Mindfulness for OCD

We will begin our posts this week with looking at the potential benefits of mindfulness practices for people with a diagnosis of obsessive-compulsive disorder (OCD).

Go to the profile of Heather Mason
Nov 28, 2016
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https://www.ncbi.nlm.nih.gov/pubmed/27887679

Welcome to a new week everyone. We will begin our posts this week with looking at the potential benefits of mindfulness practices for people with a diagnosis of obsessive-compulsive disorder (OCD). According to the trailblazing charity, OCD Action, OCD is a clinically recognised disorder which affects around 1-2% of the population. It is debilitating and paralysing. People with OCD experience intensely negative, repetitive and intrusive thoughts, combined with a chronic feeling of doubt or danger (obsessions). In order to quell the thought or quieten the anxiety, they will often repeat an action, again and again (compulsions).

One of the greatest challenges that people with OCD face is the need to fight both the all pervasive stigma of mental health disorders and the widely held belief that OCD is a mild or even “quirky” problem that is nothing more than hand washing. Many people now use the term “a bit OCD-ish” without understanding the onerous nature of the disorder in its severe form.

Mindfulness-based interventions are a relatively new approach for OCD, which are initially based on Buddhist meditation, and aims to provide better consciousness of the present moment. Indeed, mindfulness-based stress reduction (MBSR) and mindfulness-based cognitive therapy (MBCT), have shown effectiveness for the reduction of depressive and anxiety symptoms and relapses of depressive episodes in unipolar depression. It has no side effects and is overwhelmingly well tolerated.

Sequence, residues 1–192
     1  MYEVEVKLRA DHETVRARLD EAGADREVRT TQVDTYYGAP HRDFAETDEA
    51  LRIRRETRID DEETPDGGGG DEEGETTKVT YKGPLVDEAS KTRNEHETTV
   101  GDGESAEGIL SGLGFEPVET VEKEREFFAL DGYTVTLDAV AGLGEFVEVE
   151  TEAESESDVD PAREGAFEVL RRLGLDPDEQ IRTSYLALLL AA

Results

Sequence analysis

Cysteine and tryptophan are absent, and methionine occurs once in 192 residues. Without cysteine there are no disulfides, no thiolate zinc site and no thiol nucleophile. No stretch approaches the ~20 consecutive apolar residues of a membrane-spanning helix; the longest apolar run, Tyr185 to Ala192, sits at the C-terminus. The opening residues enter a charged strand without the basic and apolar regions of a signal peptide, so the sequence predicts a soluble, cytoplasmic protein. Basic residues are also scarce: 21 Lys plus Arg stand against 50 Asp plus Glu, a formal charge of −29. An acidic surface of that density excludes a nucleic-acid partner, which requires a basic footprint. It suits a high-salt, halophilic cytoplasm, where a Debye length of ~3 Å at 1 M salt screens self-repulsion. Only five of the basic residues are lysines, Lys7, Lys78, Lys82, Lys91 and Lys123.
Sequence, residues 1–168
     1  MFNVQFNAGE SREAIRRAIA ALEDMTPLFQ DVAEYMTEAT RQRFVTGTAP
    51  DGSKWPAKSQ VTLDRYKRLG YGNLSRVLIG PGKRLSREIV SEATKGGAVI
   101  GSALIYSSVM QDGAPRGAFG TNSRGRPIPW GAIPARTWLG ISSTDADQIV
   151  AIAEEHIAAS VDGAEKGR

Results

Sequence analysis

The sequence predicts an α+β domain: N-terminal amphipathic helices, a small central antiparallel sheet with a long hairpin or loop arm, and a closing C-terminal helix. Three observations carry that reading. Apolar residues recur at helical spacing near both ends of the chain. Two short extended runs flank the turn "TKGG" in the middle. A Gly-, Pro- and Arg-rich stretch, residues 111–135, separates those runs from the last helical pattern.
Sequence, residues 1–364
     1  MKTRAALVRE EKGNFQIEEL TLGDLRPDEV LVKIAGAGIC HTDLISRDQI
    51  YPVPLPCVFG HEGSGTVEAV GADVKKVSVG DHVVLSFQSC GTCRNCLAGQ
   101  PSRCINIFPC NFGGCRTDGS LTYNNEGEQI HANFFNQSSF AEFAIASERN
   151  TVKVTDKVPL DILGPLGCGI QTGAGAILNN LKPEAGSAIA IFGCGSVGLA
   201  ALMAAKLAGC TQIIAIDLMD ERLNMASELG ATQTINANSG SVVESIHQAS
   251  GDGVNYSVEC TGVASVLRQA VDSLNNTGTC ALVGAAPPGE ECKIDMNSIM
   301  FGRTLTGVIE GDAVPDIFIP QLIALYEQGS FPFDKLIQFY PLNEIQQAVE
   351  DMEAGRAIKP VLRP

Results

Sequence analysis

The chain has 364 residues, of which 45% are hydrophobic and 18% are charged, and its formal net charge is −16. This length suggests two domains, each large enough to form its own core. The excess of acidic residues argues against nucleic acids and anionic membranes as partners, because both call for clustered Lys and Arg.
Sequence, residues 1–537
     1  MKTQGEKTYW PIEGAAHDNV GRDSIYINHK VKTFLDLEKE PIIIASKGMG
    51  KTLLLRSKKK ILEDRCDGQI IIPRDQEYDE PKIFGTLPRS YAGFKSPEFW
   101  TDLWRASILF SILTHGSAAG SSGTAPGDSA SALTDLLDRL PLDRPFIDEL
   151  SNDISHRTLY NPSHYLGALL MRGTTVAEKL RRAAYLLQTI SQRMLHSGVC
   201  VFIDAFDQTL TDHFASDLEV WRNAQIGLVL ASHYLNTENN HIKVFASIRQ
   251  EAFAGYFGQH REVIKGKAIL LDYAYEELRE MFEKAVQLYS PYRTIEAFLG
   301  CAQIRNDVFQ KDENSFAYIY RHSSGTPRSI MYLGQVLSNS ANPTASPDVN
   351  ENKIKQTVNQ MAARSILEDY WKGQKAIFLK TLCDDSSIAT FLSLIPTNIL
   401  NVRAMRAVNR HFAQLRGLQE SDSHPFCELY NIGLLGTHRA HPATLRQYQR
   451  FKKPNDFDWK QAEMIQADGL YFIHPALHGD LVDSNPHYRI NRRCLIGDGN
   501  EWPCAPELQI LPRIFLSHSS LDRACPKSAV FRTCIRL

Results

There have been very few studies, however, directly exploring the efficiency of mindfulness-based interventions in OCD. Researchers in this article propose a cognitive model of mindfulness-based therapy action in OCD involving the correction of OCD's cognitive bias. In this model, MBCT is supposed to treat specifically the cognitive aspects of the struggle. Researchers present a clinical study aiming to prove the feasibility and the interest of the use of mindfulness in OCD. Its results show the feasibility of MBCT in OCD patients and tend to prove that it could be more effective in young patients suffering from less severe forms of OCD. Researchers also discuss the role of a specific form of mindfulness based cognitive therapy adapted for OCD, specifically for its benefits in psycho-education, which could reduce the dysfunctional beliefs present in people with this diagnosis.

We hope you enjoy reading this article. Please share with anyone you know with a diagnosis of OCD or their loved ones who may find it helpful. Have a lovely week!

Go to the profile of Heather Mason

Heather Mason

Founder of the Minded Institute, The Minded Institute

Heather Mason is a leader in the field of mind-body therapy and the founder of Yoga Therapy for the Mind. She develops innovative methods for mental health treatment drawing on her robust educational background including an MA in Psychotherapy, an MA in Buddhist Studies, studies in Neuroscience and a current MSc in Medical Physiology.. She is also a 500 RYT, a yoga therapist and an MBCT facilitator. Heather offers various professional trainings for yoga teachers, healthcare professionals and therapists, lectures around the world, and delivers training to medical students. She also develops protocols for different client populations by translating cutting edge research from the psycho-biology and neuro-biology of stress into yoga practices, breathwork, mindfulness interventions and therapeutic holding. Further she is involved in research on the efficacy of these practices, holds the annual UK yoga therapy conference and is blazing the trail for the integration of yoga therapy into the NHS

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